NGV’s Veterans Day program honors ‘all who served’
The North Georgia Vets honored “all who served” at 11 a.m., Monday, Nov. 11 at the Big Canoe Chapel. The Big Canoe community, which counts a large number of veterans among its residents and family, was enthusiastic and appreciative throughout the program.
After a welcome by Jay Misback, North Georgia Vets president, the NGV chorus performed the Armed Forces Medley and an American Tribute.
David Howe, a U.S. Navy veteran, spoke about the importance of supporting veterans, especially wounded veterans. His speech is included below.
Veterans committed to support wounded veterans, their families
By David Howe
Veterans are a special breed. We are a fellowship of men and women who shared the common experience of the uniform, training and service and living together, often in far-away places. We are patriotic, too. There are so many great examples of veterans, especially those who survived serious injury, that took the discipline and values instilled in military service and established distinguished civilian and government careers, including many presidents, public servants and corporate CEOs.
But there is a special group of veterans whose military service called them to full-time civilian careers in support of wounded veterans and their families. It is about those individuals that I speak to you today.
Major Dan Rooney was an Air Force F-16 pilot in the Middle East. He had just returned from his second tour in Iraq. He was boarding a United Airlines flight from Chicago to Grand Rapids, Michigan. As he walked through the cabin, he passed an Army corporal dressed in Army greens sitting in the first-class section.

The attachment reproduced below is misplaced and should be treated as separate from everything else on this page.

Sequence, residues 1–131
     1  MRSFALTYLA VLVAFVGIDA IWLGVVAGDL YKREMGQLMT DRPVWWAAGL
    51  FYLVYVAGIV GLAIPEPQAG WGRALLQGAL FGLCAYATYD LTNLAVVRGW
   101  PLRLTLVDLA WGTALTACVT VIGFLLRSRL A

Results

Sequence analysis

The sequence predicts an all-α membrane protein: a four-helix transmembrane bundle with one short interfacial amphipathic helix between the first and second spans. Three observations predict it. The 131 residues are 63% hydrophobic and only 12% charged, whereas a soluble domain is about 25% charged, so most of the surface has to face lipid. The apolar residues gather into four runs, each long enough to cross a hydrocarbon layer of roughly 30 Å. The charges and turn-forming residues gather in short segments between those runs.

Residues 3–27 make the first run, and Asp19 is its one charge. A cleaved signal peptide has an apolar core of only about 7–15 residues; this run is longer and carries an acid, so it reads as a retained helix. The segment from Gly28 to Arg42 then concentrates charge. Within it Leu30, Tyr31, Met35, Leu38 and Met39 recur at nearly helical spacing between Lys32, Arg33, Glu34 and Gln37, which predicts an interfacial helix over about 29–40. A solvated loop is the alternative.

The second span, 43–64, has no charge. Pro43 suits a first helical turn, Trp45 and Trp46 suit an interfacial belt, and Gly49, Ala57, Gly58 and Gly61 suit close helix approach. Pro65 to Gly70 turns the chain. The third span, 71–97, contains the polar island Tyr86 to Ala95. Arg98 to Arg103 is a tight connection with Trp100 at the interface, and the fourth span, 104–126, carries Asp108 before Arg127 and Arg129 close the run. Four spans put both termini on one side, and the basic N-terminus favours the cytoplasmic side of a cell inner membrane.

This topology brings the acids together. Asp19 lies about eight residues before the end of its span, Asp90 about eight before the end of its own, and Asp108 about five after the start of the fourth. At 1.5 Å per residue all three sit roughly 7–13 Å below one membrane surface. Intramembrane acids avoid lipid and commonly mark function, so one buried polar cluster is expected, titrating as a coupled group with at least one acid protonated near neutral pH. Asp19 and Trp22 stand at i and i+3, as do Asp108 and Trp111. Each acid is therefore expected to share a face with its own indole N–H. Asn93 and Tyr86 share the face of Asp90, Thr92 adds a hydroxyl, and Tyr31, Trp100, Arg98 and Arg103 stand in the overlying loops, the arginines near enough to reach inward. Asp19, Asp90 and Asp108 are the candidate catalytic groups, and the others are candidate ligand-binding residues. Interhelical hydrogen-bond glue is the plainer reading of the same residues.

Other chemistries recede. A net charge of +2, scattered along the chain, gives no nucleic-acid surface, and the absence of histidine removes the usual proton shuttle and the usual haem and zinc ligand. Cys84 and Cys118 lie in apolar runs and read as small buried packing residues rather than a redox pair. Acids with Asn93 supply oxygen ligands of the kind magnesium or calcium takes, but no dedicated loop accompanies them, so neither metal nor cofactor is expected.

During the flight, the pilot made the announcement that there was an American hero on board. Rooney immediately thought of the soldier he saw in first class. Then the pilot said the remains of Corporal Brock Buckland were on board and that his twin brother Brad was accompanying those remains on their way to their home and family in Grand Rapids. As the aircraft rolled up to the gate, the captain asked that passengers remain in their seats out of respect until the casket was removed from the aircraft.
Major Rooney watched from his window seat. Brock Buckland’s four-year old son stood at attention at the bottom of the ramp as the casket moved slowly down to the waiting honor guard. With a lump in his throat, Rooney felt the utter finality of Brock Buckland’s sacrifice. He knew that young boy would never play catch with his dad, have him tuck him in at night or experience the special relationship between father and son. This was it: the reality of the staggering cost we pay for freedom.
At that moment, Rooney knew what he was being called to do. In 2007 he founded Folds of Honor, a charitable foundation that since has raised the money to fund over 24,500 scholarships for spouses and children of America’s fallen and disabled service members.
If you have never heard of Folds of Honor, here’s why. You won’t see the organization promoted in expensive prime time TV ads. By keeping promotional expenses to a minimum Folds of Honor puts over 90 percent of its donations into scholarships—one of the highest measures of efficiency among national charities. In 2017, that 90 percent amounted to more than $24.5 million.
I want to tell you about Walt Fricke. Walt joined the Army in January 1967 at age 18. He always wanted to fly and after completing helicopter training, he was assigned to an air mobile unit in Vietnam. On October 26, 1968, Walt was flying copilot at the request of a colleague who needed his help flying in bad weather. Their mission was to prepare a landing zone for an assault near the Cambodian border. Concentrating on the perimeter of the landing zone to suppress enemy gunfire, one of the rockets launched from the helicopter exploded the instant it left the launch tube, shattering the helicopter’s windshield and sending shrapnel through the cockpit, nearly severing Walt’s right leg at the knee. The crew chief sitting behind Walt, injured himself in the chest from shrapnel, instantly recognized Walt’s wound and applied a belt tourniquet to his leg. Walt was already going into shock but was able to urge the command pilot, who was slightly injured himself, to remain calm and focused as he regained control of the aircraft and turned back toward base where they returned safely.